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Effective cure for Parkinson’s disease

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The team of Prof. Teymuras Kurzchalia from the Max Planck Institute (up, center), part of which is Bulgarian Sider Penkov (down, right)
Photo: private library

There are a number of written evidence about the origin of Bulgarian yogurt and its beneficial effects on human health. According to recent studies, it might even be a key to the treatment of Parkinson's disease. This is what the team of Prof. Teymuras Kurzchalia from the Max Planck Institute of Molecular Cell Biology and Genetics say. Young Bulgarian scientist Sider Penkov * also works as part of the team.

"Our findings are based on experiments with Caenorabditis elegans worm that we use as an important genetic model for the study of various diseases,” he says. “These worms can survive without any water provided that a certain gene called DJ -1operates normally. Damage to this gene is responsible for the progression of Parkinson’s symptoms in the majority of patients. The discovery is that this gene is responsible for producing two simple substances - glycolic acid and D-lactic acid. Studies have shown that if these substances are provided to damaged nerve cells, they might recover their normal state. Fortunately, yogurt is a food product rich in D-lactic acid, so it can be used for prevention or treatment of Parkinson's disease."

The mechanism of action of D-lactic acid on affected cells helping them recover to functional cellsThe discovery has been patented, but scientific work continues. Now the most important is to understand the mechanism of action of D-lactic acid. Preliminary clinical studies with healthy volunteers are yet to come. But how long will these studies take?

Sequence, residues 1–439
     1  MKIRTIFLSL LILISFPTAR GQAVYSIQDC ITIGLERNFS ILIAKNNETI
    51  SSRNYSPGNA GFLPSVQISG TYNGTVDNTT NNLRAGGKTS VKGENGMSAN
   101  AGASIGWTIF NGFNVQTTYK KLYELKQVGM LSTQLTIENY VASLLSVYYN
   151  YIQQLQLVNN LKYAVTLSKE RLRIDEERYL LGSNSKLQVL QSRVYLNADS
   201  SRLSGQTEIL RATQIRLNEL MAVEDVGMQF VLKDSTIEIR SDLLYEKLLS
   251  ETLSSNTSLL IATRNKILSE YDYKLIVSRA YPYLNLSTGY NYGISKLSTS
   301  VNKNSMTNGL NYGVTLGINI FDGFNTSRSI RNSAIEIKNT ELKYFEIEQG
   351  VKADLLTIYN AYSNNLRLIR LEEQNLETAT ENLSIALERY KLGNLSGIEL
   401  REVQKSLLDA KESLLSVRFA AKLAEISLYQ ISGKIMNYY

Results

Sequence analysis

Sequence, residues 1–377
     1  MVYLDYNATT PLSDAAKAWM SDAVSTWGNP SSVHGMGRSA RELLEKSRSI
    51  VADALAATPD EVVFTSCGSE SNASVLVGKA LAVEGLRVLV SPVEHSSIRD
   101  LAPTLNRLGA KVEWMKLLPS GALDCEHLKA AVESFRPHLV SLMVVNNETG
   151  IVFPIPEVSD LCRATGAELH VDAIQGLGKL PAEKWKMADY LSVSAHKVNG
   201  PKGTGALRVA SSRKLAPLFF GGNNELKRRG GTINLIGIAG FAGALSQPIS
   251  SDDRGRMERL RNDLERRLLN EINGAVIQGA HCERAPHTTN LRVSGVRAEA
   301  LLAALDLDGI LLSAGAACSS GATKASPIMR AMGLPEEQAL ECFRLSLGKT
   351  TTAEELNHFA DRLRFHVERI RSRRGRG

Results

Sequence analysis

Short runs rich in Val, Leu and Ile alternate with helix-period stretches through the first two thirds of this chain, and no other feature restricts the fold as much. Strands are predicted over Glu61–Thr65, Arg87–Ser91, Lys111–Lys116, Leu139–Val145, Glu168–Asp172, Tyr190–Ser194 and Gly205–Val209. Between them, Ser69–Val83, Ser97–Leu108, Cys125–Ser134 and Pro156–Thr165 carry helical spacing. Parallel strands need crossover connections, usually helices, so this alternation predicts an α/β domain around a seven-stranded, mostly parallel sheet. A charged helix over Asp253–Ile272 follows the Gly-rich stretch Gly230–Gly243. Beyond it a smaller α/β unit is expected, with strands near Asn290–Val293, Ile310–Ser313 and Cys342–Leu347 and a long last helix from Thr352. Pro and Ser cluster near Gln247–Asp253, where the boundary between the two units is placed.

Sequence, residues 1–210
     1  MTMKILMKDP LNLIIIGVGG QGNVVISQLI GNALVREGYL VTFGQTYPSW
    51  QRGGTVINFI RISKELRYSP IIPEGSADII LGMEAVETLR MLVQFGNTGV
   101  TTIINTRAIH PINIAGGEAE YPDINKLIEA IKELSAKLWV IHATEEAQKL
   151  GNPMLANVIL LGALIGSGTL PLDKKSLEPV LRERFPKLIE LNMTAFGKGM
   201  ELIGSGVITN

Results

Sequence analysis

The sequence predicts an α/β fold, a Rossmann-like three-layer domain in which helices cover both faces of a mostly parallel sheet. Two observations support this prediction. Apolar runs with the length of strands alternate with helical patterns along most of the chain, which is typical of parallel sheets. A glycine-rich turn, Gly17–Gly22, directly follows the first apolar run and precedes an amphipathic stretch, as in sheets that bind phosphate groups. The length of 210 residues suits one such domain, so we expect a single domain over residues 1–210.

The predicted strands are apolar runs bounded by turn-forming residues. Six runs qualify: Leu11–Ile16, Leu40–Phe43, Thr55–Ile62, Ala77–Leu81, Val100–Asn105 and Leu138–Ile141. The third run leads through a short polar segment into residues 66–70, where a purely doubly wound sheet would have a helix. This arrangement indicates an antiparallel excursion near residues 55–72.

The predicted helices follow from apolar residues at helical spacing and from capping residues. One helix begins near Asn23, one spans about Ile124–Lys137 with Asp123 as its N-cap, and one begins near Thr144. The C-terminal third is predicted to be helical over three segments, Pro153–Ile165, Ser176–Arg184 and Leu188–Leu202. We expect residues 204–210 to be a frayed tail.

"It is difficult to say. Pre -clinical studies will take about six months. Then the Ethics Commission needs to approve clinical trials with patients. If that happened, it would take another two years for implementation of the trials. Unfortunately, this cannot happen quickly."

During discussions with various experts in the field, the team of Prof. Kurzchalia concluded that not all cultures that are used in the production of yogurt, produce the necessary quantities of D-lactic acid. It turns out that the rich sources of D-lactic acid are the typical Bulgarian cultures.

Prestigious media like "Bild" and The Times wrote about the discovery that received many positive reviews. Still some critics say it gives too much hope for patients with Parkinson's. According to Sider Penkov, professor Kurzchalia is optimistic about the results of the discovery. Recently, the professor paid a visit to Bulgaria at the invitation of the Bulgarian Academy of Sciences and held a lecture on the latest discoveries related to Parkinson's disease. He met scientists and licensed manufacturers of yogurt starters, such as LB Bulgaricum and Genesis, as well as representatives of the Association of Dairy Processors in Bulgaria.

If Bulgarian yogurt actually turned out to be the key to combating the disease, the discovery could provoke the interest of other researchers:

“Bulgarian yogurt could have therapeutic benefits in relation to a number of other diseases. The connection with Parkinson's disease was made because of the ability of D-lactic acid to restore the function of the mitochondria which are the energy producers in a cell. Many other diseases are actually the result of malfunctioning of these small power plants, which means yogurt may be useful for the treatment of other neurodegenerative diseases," says the young Bulgarian scientist in conclusion.

* After successfully graduating in "Molecular Biology" from the "St. Kliment Ohridski" Sofia University he won a scholarship of the Max Planck Society for Research and in 2011 completed a PhD in the laboratory of Professor Kurzchalia. He has been working on research projects related to metabolism disorders.

English: Alexander Markov


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